I design a High side mosfet 12V switch from isolated 3V3 GPIO on previous post, based on EL3H7-G (C) Optocoupler and STR2P3LLH6 Mosfet but it's alway ON... I don't understand why.



I check the voltage in both state, when GPIO (Open drain) is logical "1" (Green) and logical "0" (Red).
All voltages are measured referenced to DGND for left side voltages and referenced to AGND for right side voltages


In this case, PWREN = 0.16V so current can flow through optocoupler LED.
Vf=1.34V-0.16V=1.18V (OK: Designed to be 1.2V)
If=IR1=(3.31V-1.34V)/200=9.85 mA
If=9.85mA (OK: Designed to be 10mA)

The optocoupler transistor seem to be saturated
Vce=0.06V (Designed to be 0.2V)
So Ic seem to be 11mA on EL3H7-G (C) datasheet (Figure 7) for Vcesat = 0.6V
IR2=1.17mA (OK: Designed to be 1.18mA)

Hum, this look like current flow from the Gate of the mosfet...
-Ig=9.83mA came from the gate ??? It's possible ???

In anycase Mosfet is ON, let look at Vgs
Vgs=-11.78V (OK: Designed to be 11.8V)

Vgs=-11.8V is upper than Vgs(th)=-2.5V


Is this case, Optocoupler LED seem to not be on.
But there is a small voltage accross the LED
Probably not enought to light on the LED ???

When I check the optacoupler transistor VCE=11.82V VR2=11.84V-11.82=V0.02V

Vgs=-0.02V is really lower than Vgs(th)=-2.5V

So why my mosfet conduct ? this puzzle me !


Can someone help me to unsertand what happen, what is my mistake and how I can correct this ?

Thanks in advance for your help


I check many time the pinout but perhaps I'm tired... If someone see something strange...

Here is extracted from the STR2P3LLH6 datasheet


Here is the top, with optocoupler (R3 on PCB is R1 on schematic)
Top Here is the bottom, with MOSFET (R4 on PCB is R2 on schematic)
(I replace MOSFET and remove C20 and C21 as suggested by @John Birckhead)

  • 1
    \$\begingroup\$ Either your FET is damaged or more likely drain and source are interchanged and you're seeing the body diode drop when it's off. \$\endgroup\$
    – John D
    Jun 24 at 17:02
  • \$\begingroup\$ I think your input voltages vs GPIO states are reversed, unless there is another transistor you are not showing. With the GPIO Low/0, PWREN should be near zero volts so the opto's LED would be on. \$\endgroup\$ Jun 24 at 17:08
  • \$\begingroup\$ @JohnD yes I check pinout many time because this is come into my mind at first but pinout is correct \$\endgroup\$
    – rom1nux
    Jun 24 at 20:49
  • \$\begingroup\$ @PeterBennett I use "open drain" GPIO the other transistor is inside the MCU. \$\endgroup\$
    – rom1nux
    Jun 24 at 20:49
  • \$\begingroup\$ @JohnD I edit my post to add layout and PCB photo , I think pinout is correct but i'm perhaps tired.... \$\endgroup\$
    – rom1nux
    Jun 24 at 21:26

If you don't have drain and source reversed as @John D suggests, it's likely that you have a blown FET. Take a look at the data sheet for the STR2P3LLH6 and you will see that the safe operating area is all below 8 amperes, even for very short pulses of a few hundred microseconds: enter image description here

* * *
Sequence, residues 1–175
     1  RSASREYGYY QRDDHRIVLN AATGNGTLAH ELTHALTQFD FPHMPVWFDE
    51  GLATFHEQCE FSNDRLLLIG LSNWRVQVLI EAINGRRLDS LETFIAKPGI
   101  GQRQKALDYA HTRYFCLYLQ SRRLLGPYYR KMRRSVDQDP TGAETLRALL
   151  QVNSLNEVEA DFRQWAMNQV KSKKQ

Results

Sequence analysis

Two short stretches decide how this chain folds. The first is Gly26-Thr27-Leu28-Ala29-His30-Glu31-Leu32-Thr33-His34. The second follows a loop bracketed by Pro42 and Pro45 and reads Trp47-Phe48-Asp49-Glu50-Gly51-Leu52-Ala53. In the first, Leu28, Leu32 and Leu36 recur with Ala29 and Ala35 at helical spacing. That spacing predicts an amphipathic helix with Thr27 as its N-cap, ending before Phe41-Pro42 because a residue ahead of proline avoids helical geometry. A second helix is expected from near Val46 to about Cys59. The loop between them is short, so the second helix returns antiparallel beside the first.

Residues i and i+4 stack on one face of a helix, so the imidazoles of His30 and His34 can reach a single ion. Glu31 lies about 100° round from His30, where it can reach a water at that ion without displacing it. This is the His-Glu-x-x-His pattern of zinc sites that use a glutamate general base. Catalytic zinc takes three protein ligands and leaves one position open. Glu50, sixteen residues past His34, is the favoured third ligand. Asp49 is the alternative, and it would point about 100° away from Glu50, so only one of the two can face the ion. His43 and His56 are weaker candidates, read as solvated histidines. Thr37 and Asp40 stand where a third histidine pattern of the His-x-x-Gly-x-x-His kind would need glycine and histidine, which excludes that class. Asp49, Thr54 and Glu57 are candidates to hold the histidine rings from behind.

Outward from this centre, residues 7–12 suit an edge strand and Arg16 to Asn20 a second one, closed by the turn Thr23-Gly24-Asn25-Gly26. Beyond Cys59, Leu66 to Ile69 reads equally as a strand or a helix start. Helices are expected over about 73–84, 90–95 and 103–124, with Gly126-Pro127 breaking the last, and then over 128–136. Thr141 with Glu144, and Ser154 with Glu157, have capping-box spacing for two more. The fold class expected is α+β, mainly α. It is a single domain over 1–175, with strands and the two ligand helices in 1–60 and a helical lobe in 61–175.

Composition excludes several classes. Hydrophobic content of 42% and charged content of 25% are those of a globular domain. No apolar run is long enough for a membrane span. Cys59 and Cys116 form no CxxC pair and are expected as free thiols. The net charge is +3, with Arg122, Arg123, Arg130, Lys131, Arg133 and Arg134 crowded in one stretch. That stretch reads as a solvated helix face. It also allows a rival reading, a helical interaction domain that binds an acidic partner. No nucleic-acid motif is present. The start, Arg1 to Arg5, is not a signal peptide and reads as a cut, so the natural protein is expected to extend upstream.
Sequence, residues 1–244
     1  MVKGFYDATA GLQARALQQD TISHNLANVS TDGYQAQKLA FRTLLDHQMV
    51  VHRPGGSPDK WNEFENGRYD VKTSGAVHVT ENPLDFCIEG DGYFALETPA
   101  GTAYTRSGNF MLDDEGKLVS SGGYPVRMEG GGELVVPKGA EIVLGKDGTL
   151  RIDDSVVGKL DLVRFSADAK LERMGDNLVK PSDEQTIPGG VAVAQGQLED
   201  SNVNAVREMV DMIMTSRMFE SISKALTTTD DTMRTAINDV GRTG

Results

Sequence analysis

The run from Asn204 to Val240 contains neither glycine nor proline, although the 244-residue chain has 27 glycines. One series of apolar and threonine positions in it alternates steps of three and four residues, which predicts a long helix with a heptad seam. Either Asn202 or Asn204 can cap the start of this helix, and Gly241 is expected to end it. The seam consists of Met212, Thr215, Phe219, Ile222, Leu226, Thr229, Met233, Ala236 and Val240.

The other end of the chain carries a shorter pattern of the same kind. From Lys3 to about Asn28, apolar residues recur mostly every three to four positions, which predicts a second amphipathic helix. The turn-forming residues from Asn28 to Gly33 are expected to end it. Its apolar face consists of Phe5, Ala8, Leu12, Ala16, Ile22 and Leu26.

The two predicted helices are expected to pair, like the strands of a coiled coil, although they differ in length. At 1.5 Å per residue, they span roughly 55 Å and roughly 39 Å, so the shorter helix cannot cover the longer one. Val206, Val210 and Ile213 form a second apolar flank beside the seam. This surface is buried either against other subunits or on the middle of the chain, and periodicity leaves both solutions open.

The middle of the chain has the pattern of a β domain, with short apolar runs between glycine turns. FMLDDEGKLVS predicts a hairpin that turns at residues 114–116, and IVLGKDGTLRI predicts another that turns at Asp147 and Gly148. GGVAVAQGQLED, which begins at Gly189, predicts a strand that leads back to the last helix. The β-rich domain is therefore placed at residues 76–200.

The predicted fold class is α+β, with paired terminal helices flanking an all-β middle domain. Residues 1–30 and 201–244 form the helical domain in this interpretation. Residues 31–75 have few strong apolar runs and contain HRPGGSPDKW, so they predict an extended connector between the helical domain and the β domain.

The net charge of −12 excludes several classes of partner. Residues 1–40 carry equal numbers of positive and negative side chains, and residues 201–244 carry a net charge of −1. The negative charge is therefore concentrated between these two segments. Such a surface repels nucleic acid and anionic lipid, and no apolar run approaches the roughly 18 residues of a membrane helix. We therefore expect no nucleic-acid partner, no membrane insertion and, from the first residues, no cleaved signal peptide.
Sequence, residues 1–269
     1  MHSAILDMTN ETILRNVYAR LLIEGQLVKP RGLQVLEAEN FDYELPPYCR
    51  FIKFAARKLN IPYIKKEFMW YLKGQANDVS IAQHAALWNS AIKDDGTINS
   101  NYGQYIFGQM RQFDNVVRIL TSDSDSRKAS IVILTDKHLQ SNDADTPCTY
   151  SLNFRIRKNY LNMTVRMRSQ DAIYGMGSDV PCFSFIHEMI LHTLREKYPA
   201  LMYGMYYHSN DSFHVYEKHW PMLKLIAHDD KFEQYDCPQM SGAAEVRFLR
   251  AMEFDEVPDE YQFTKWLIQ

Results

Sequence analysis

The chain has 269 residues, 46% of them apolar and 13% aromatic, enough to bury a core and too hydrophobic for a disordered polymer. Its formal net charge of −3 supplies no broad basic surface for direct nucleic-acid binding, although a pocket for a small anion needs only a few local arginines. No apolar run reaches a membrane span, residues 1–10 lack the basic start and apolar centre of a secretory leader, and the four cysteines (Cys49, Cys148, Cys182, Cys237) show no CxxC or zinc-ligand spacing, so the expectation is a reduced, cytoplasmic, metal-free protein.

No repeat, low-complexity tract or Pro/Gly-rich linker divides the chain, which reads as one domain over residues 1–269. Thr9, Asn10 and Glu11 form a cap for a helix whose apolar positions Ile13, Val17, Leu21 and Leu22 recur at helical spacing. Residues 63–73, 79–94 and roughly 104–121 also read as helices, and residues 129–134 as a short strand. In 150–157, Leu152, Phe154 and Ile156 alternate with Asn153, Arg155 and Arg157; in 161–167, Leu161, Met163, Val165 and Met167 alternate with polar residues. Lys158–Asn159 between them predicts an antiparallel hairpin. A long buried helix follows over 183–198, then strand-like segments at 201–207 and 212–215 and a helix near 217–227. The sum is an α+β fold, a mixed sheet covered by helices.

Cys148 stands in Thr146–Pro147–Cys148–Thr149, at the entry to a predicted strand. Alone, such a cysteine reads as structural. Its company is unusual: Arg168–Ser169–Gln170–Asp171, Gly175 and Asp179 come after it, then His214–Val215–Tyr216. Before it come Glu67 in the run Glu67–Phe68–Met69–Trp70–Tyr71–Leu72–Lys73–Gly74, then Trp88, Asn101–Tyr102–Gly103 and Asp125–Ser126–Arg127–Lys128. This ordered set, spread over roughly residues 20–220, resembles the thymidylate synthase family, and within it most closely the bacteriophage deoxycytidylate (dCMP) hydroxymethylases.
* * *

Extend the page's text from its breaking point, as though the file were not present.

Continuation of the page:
When you turn on the switch you are charging about 5 microfarads of capacitance through the FET's ON resistance of 56 milli-ohms. The instantaneous current when you switch would therefore be many times the current for the safe operating area. I would try replacing the FET with a beefier one or placing a current limiting resistor of 5 ohms or so in series with C20 and C21.

Good luck!

  • \$\begingroup\$ Many thanks to take time to help me John. I remove capacitance and replace 3 times the MOSFET. (start without load, etc...) I believed it work but no. I think this mosfet is very pernickety or I destroy them with hot air or I don't know... I edit my port to put the layout, I check many time but I begin to "dont have the eyes in front of the holes "... \$\endgroup\$
    – rom1nux
    Jun 24 at 21:33

-Ig=9.83mA came from the gate ??? It's possible ???

Yes its possible, if the gate has been blown out. Large amounts of current from a gate definitely are the sign of a dead blownout gate. The gate is only nm's thick and it doesn't take much to blow through it with ESD or currents.

Replace the mosfet, and observe careful ESD procedures

(Also if you have high power mosfets that are connected to digital logic, like a processor, it can be wise to insert a buffer in between an expenisve part and a not so expensive part. I've had gates blow out and then take out the CPU, so it's much easier to replace a buffer than a CPU (I have people that like to blow out mosfets in my lab).

  • \$\begingroup\$ I replace the MOSFET several time, I try with SI3401A-TPMSCT-ND too without success. I remove capacitor and be very careful on ESD procedures (anti-static bracelet & co) and nothing change. This make me crazy... \$\endgroup\$
    – rom1nux
    Jun 28 at 22:23
  • \$\begingroup\$ You might be exceeding one of the parameters, check the datasheet and make sure you are meeting all timing and current parameters. Another thing you could do is tie the gate high and if the FET doesn't die, then it's probably when you switch the FET off and too long a transition in the linear mode when the FET is dissipating the most power. \$\endgroup\$
    – Voltage Spike
    Jun 28 at 22:27

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